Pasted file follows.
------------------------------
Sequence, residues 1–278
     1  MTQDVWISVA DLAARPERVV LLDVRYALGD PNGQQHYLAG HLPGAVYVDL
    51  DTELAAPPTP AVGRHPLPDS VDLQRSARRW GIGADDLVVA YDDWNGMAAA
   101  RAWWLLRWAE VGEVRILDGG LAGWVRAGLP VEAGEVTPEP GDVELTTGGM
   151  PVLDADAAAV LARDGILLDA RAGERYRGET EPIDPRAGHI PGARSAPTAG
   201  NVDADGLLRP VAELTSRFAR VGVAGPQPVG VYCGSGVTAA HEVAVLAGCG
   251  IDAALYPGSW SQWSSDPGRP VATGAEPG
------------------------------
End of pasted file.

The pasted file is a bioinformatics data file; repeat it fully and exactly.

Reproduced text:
Sequence, residues 1–278
     1  MTQDVWISVA DLAARPERVV LLDVRYALGD PNGQQHYLAG HLPGAVYVDL
    51  DTELAAPPTP AVGRHPLPDS VDLQRSARRW GIGADDLVVA YDDWNGMAAA
   101  RAWWLLRWAE VGEVRILDGG LAGWVRAGLP VEAGEVTPEP GDVELTTGGM
   151  PVLDADAAAV LARDGILLDA RAGERYRGET EPIDPRAGHI PGARSAPTAG
   201  NVDADGLLRP VAELTSRFAR VGVAGPQPVG VYCGSGVTAA HEVAVLAGCG
   251  IDAALYPGSW SQWSSDPGRP VATGAEPG